WEC Administrator welcomes observers, warns that votes take time to count

By: - November 7, 2022 6:30 am
Sign on wall reads voting and points toward an election site

Photo illustration by Justin Grimes (Photo via Flickr | CC-BY-SA 2.0).

Just days before the 2022 midterm elections, Wisconsin Elections Commission (WEC) Administrator Meagan Wolfe appeared at a virtual news conference Friday to outline how the state’s election processes are secure and detail the ways in which the system is protected. 

Wolfe’s appearance came the day after it was announced that a city of Milwaukee election official had been fired for fraudulently requesting three absentee ballots and having them sent to the home of a Republican lawmaker known for spreading conspiracy theories about the state’s elections.

Wisconsin Elections Commissioner Meagan Wolfe speaks about election processes days before the 2022 midterm election. (Screenshot)

The official, Kimberly Zapata, was officially charged with a felony and three misdemeanors on Friday. Wolfe insisted that the fact she was caught and has now been charged is a sign the election system’s checks worked. 

“We, however, recognize that the damage caused by this action is damage to public confidence, the violation of trust cuts to the heart of election integrity, something that the Wisconsin Election Commission and local election officials hold in the most serious regard,” Wolfe said. “While the actions of this individual set us all back in our efforts to show Wisconsinites that our elections are run with integrity, I have every confidence that the upcoming election will be fair and accurate. This lone individual’s actions do not in any way reflect the high level of integrity that the rest of our local election officials, who are your friends, neighbors and relatives, bring to their job every single day. While this incident is deeply unfortunate and a violation of trust. It shows that our strong legal and election systems worked as intended to root out this alleged crime.”

Despite her assurances, Republicans have used the incident to begin casting doubt on Tuesday’s results. U.S. Sen. Ron Johnson, a Republican running for reelection against Democratic Lt. Gov. Mandela Barnes, brought up the incident when asked by reporters on Friday if he’d accept the results of the election. 

“We just found out that an election official in Milwaukee was sending military absentee ballots to Janel Brandtjen,” Johnson said. “We have in place a lot of observers, we have a lot of poll workers and our whole purpose was to restore confidence in our election system. I sure hope I can but I can’t predict what the Democrats might have planned.”

Throughout the year, both major parties have been working to sign up more people to serve as poll workers and election observers. Despite concerns that the observers might interfere with the process or cause disturbances, Wolfe said she welcomes more participation in the election process. 

“Observers, again, are a really important part of the election process,” she said. “I think it is actually really encouraging that so many people want to be engaged with the election process and want to observe it firsthand. I don’t expect that any of the observers won’t act in a professional manner. And if there are instances, individual isolated incidents in polling places, I think that our chief election inspectors are trained and are aware of their statutory ability to be able to control that disturbance.”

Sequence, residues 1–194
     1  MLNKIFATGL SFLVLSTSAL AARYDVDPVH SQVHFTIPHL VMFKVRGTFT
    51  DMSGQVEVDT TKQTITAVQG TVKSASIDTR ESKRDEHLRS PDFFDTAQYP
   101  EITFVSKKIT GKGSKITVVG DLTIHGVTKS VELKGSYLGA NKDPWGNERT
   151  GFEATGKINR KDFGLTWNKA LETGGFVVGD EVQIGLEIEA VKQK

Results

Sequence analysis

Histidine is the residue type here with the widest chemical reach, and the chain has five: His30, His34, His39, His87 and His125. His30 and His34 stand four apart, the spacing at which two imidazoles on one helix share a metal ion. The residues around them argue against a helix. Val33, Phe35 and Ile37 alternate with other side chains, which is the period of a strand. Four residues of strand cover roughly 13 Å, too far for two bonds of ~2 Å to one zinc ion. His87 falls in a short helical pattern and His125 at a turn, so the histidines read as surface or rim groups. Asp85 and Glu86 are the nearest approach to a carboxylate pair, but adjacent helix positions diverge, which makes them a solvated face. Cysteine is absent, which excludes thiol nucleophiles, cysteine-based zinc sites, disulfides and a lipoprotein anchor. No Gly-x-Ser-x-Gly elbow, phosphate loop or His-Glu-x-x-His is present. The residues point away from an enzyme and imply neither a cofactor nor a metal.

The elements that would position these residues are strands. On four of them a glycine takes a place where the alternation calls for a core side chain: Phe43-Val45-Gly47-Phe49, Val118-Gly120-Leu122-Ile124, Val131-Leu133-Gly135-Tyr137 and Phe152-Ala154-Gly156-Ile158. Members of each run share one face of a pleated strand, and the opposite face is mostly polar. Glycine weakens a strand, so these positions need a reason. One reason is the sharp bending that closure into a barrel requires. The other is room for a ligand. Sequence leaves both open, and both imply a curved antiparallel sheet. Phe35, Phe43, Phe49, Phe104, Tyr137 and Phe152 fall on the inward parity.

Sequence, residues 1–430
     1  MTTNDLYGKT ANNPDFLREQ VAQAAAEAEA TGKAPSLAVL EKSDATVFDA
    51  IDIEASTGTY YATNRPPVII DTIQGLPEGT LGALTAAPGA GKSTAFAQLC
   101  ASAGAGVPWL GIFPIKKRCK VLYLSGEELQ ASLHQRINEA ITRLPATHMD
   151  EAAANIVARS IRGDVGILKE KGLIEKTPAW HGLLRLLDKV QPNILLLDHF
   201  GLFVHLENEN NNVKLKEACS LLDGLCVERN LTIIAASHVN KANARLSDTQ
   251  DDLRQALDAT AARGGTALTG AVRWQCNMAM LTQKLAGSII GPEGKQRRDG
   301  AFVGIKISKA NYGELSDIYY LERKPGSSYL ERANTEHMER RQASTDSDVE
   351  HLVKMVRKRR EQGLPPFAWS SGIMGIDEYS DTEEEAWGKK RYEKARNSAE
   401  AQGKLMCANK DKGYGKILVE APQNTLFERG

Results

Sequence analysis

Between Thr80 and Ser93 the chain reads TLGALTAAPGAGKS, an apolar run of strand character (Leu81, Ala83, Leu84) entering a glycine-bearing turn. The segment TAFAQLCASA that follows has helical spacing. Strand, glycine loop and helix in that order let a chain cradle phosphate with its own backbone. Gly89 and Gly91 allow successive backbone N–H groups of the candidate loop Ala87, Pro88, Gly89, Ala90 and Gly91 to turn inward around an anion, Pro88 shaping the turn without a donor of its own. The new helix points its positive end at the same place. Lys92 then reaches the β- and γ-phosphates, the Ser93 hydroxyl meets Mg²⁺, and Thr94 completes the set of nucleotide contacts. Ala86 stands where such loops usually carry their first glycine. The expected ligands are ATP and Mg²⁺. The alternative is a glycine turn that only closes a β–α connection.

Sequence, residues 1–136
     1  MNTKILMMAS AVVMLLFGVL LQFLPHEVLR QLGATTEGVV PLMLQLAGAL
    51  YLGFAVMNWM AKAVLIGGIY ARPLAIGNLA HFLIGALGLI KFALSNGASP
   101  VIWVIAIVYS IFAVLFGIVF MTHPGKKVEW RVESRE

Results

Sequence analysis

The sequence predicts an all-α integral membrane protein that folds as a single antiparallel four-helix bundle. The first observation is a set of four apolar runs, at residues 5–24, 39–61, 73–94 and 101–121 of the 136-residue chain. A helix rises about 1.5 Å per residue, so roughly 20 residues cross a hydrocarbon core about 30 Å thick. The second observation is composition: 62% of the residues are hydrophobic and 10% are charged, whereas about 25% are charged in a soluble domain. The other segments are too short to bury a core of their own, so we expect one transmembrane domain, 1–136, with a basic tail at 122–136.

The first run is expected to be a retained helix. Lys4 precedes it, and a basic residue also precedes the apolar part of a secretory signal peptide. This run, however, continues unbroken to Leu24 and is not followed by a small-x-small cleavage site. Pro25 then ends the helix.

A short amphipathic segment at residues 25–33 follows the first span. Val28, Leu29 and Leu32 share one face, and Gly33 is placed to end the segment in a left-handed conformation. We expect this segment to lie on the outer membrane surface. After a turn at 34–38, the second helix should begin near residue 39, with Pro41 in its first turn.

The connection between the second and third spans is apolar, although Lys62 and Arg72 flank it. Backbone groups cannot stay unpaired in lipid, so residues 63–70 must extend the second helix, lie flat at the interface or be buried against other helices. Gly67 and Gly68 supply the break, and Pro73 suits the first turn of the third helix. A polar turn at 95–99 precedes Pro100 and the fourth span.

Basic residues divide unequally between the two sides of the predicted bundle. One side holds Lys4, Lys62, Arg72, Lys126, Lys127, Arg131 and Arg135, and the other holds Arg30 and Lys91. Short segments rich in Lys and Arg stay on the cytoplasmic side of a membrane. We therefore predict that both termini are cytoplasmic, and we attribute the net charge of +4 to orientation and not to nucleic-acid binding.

On Tuesday, the polls will be open from 7 a.m. until 8 p.m., though voters who are in line when polls close should remain in line and will  be allowed to vote. The deadline to register to vote at municipal clerks’ offices is Sunday, but voters can register at the polling place on Election Day. To register, voters need to provide a valid ID or some other proof of residence such as a utility bill or bank statement. 

After the polls close, the state’s counting, certification and auditing process begins. Wolfe warned that the counting process can take a while, especially considering the large amount of absentee ballots that have been requested. In some of the state’s largest cities, including Milwaukee, absentee ballots are counted at one single central count location. 

Conspiracy theories have bubbled up about central count as a source of late night “ballot dumps,” but absentee ballots regularly get counted the latest because it takes a long time to process them and they can’t be opened until polls open on Election Day. Wolfe said the central count locations have plenty of opportunities for observers to see the process. 

“The bottom line is election officials prioritize accuracy over speed, always on election night when telling the unofficial results,” she said. “Results reporting in central count jurisdictions … instead of at each polling place is a common source of online misinformation on election night. That ends with mis-cited rumors about late night ballot dumps, which sow doubt about the integrity of the election.” 

“Please know that this counting is happening in public, with observers from the major parties present at the central count facilities,” she added.


Our stories may be republished online or in print under Creative Commons license CC BY-NC-ND 4.0. We ask that you edit only for style or to shorten, provide proper attribution and link to our web site. Please see our republishing guidelines for use of photos and graphics.

Henry Redman
Henry Redman

Henry Redman is a staff reporter for the Wisconsin Examiner who focuses on covering Wisconsin's towns and rural areas. He previously covered crime and courts at the Daily Jefferson County Union. A lifelong Midwesterner, he was born in Cleveland, Ohio and graduated from Loyola University Chicago with a degree in journalism in May 2019.